Asked about the difficulty of promoting vocations in the wake of the negative fallout from abuse scandals, he responded, “That is the battle – this is our job. We believe in it and therefore we are going to promote it.”

Recalling a conversation he had with some of those who undertake street outreach to those who have fallen into drug addiction, he asked: “What are we going to do for the young people of Ireland? We must give them another way to live.

“We must put it to them that God exists and that Jesus is with us and there is always hope.”

Asked about the lack of vocations in Ireland today, he said: “I remember in Waterford years ago, the previous papal nuncio was asked that question and he said, ‘There will always be enough priests.’ The Lord will always provide.

“I look around the seminary here, these are great guys, and the Lord is providing them. I am praying that he is going to provide more.”

The National Vocations Office is responsible for managing the Year of Vocations. Over the twelve months events will be held in parishes and at pilgrim sites around the country, and resources will be provided for homes and schools.

One of the seminarians who attended the launch is final year student Anthony Hartnett, who will be ordained in Raphoe diocese next year.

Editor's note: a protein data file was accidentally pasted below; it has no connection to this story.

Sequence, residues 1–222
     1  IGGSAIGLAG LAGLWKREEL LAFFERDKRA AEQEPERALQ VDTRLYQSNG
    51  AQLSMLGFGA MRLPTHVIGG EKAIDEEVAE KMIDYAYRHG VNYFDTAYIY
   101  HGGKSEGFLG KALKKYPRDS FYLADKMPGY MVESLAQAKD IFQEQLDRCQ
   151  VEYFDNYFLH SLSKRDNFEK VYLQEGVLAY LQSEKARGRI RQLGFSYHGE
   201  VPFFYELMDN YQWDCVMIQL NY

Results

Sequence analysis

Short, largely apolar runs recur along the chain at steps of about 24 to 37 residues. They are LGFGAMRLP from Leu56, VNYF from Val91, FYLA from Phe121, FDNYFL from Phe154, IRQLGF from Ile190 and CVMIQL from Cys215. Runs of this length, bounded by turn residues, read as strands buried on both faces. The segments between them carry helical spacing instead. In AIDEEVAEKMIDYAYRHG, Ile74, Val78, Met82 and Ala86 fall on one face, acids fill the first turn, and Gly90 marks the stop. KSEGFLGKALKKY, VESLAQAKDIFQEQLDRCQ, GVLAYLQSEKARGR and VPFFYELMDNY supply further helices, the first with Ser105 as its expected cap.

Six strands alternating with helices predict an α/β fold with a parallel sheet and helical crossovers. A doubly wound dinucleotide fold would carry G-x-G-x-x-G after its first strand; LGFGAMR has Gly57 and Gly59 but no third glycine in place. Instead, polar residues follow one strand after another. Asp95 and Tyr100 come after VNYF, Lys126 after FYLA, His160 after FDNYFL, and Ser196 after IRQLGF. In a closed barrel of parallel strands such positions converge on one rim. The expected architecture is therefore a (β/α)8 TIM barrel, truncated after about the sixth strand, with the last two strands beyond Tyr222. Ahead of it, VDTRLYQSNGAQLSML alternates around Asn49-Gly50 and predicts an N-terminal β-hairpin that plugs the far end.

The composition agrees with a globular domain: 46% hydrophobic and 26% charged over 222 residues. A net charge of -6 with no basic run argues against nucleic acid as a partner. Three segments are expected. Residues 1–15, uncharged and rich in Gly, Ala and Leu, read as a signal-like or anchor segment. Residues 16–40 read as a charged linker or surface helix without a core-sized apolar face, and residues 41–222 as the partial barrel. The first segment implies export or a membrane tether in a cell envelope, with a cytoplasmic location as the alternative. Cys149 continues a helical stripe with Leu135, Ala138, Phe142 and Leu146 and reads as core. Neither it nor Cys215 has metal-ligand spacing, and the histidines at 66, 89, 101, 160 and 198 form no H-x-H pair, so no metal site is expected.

The 27-year-old explained to The Tablet that under the new plan for the formation of priests, ordination to the diaconate and priesthood no longer takes place in Maynooth but in the diocese for which the seminarian is preparing to serve.

He explained that “it was the example of other priests that really led me to think seriously about the idea of a vocation to priesthood”.

One of eight children, he said that as a family, “we prayed, we went to Mass and faith was a very positive experience on the whole”.

“I began to grow in my faith in my late teens. It came to a point where I really felt, if God is calling people to be a priest maybe he might be calling me, and I have to be open to that.”

However, he will be embarking on priesthood at a time when the Irish Church is grappling with a declining number of priests.

Recognising that the number of seminarians is much smaller than in the past, Mr Hartnett said this ensured there was solidarity amongst the seminarians through their sense of common purpose and shared faith.

“We are in a time where the paradigm – the way we think about faith and the Church and Catholicism in Ireland – is changing.

“There might be more demands placed on priests now so you have to be open to whatever challenges come. Friendship, support and solidarity is really important.”

He added: “Fortunately we have had some really good formation on how to manage stress and have a better understanding of yourself so that you know when to draw the line. You have a better sense of your boundaries and your limitations.”

He said the possibility of burnout was “something to the fore of my mind” but thanks to his formation he knows he should not “try to be a hero” and that “people are there to support so it is not the priest doing everything”.

“We are a Church for the people of God. We have a common purpose and mission together: to help each other.”